At that point the book was closed. The narrative set. Tony Blair was the master tactician who had brought his party back from the political wilderness. He had transformed Labour’s political brand, professionalised it and realigned it with the British people. But those achievements were ultimately undone by his reckless ideological forays into the international arena. Iraq would be forever carved upon his heart.
The legacy, ultimately, was one of failure. What’s more, it would define international relations for decades to come. America would withdraw into isolationism. Britain would downgrade the special relationship. Europe would shun supra-regional adventurism. The Blair doctrine would lay crushed beneath the dead-handed bureaucracy of the UN. The world’s tyrants and dictators could once again sleep easy in their beds.
No longer. Over one hundred cruise missiles have rudely shaken Gaddafi and his fellow despots from their slumber. The Blair doctrine is back.
To say this is, of course, a heresy to both left and right. Libya is supposed to be Cameron’s war. According to the prime minister’s supporters, he has driven through this policy with steel and statesmanship. The Lion of Benghazi stands vindicated.
It’s rubbish. Cameron utterly failed to persuade his EU partners to entertain the concept of military action. The phone to the White House stayed silent for a full nine days in the run up to the tabling of the UN resolution. In lobby briefings his spokesman began by smashing his ploughshares into swords, than frantically beat them back into ploughshares again.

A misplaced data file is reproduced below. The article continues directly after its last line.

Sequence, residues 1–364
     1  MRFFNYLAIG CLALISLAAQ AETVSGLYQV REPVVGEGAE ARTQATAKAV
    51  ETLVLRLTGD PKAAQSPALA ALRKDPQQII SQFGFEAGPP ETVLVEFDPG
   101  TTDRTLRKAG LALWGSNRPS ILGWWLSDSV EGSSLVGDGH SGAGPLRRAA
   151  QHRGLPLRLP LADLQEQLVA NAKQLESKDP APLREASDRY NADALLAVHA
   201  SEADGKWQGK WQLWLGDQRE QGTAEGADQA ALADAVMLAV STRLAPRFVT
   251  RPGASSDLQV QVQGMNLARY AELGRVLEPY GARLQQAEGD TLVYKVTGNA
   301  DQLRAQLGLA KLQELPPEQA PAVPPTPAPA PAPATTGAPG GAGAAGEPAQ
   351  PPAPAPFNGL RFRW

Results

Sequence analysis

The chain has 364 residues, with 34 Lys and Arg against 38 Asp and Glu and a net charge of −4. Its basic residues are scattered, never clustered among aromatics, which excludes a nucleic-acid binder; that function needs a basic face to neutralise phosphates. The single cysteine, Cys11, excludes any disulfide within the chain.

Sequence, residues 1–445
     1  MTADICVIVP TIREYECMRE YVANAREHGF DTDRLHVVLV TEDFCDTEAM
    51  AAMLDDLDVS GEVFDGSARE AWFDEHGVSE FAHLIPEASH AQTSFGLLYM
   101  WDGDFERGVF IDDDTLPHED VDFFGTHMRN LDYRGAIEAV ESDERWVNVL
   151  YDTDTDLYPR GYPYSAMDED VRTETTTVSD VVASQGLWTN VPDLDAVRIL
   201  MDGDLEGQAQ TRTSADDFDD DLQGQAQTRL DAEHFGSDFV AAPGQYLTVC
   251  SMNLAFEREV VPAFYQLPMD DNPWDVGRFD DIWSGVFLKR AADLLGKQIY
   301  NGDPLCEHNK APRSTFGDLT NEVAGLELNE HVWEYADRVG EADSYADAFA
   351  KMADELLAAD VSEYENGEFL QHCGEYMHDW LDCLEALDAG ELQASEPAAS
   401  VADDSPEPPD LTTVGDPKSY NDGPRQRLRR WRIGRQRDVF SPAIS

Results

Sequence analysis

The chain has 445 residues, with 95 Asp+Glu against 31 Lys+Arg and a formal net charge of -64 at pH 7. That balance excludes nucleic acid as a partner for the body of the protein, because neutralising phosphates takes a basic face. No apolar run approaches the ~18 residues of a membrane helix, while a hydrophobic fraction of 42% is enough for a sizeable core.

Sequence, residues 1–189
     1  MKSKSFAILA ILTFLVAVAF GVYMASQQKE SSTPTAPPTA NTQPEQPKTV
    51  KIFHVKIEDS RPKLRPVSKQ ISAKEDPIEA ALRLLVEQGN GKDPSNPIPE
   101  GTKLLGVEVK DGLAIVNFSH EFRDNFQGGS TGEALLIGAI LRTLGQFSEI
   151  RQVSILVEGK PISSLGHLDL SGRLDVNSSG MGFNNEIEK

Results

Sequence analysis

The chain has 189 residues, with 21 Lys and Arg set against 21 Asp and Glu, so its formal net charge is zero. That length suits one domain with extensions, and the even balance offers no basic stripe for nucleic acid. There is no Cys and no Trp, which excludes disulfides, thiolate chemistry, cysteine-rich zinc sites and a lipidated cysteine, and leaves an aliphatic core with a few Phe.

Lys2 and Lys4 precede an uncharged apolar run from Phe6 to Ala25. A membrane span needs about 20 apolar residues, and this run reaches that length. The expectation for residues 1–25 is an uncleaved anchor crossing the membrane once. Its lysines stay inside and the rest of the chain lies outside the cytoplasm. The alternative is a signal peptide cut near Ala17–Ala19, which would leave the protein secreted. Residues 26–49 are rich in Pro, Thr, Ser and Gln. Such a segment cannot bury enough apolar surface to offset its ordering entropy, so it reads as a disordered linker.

The key to intervention was the approval of the arab League, and the recognition by Barack Obama that they had provided the cover he required to authorise military action. Cameron’s instincts were right, but his influence negligible.
Libya is not Cameron’s first war. It is Tony Blair’s last. The moment when the hand of history finally does come to rest upon his shoulder.
It may be unpalatable, but the facts are inescapable. Libya is Blair’s true legacy. It did not, as many suspected, perish in the deserts of Iraq.
That’s not to excuse that catastrophe. The human cost. The regional turmoil. The political price paid by Blair himself. The dead hands of that clock will never be reversed.
But that was not the end of the story. Whether you view the invasion of Iraq as a perversion of the principles enshrined in the Blair doctrine, or its natural manifestation, is irrelevant. It did not signal its end. Iraq was not the war to end all interventionist wars.
Some people may bemoan that fact. They may look at Libya and see only hypocrisy and post-imperial posturing. No doubt we will soon begin to hear fantastic conspiracy theories involving oil and arms and more acceptable puppet dictators.
Fine. It doesn’t matter. Whether interventionism is your cup of tea or leaves a bitter taste is a separate argument. What cannot be ignored is how, and why, this current intervention came to pass.
We are not patrolling the skies of Libya primarily because of David Cameron, or Barack Obama or the arab league. We are there because of Blair.
The policy is locked; Gaddafi will go. The international community has no choice to but see this through. We are witnessing regime change in all but name.
And when it’s over there will be other interventions, other full blown wars. All of them will be able to trace their origin to that day in Chicago.
“Why have we not heard from Tony Blair”, asks Robert Fisk?
We have. And we’ll be hearing from him for many years to come.
Dan Hodges is contributing editor of Labour Uncut.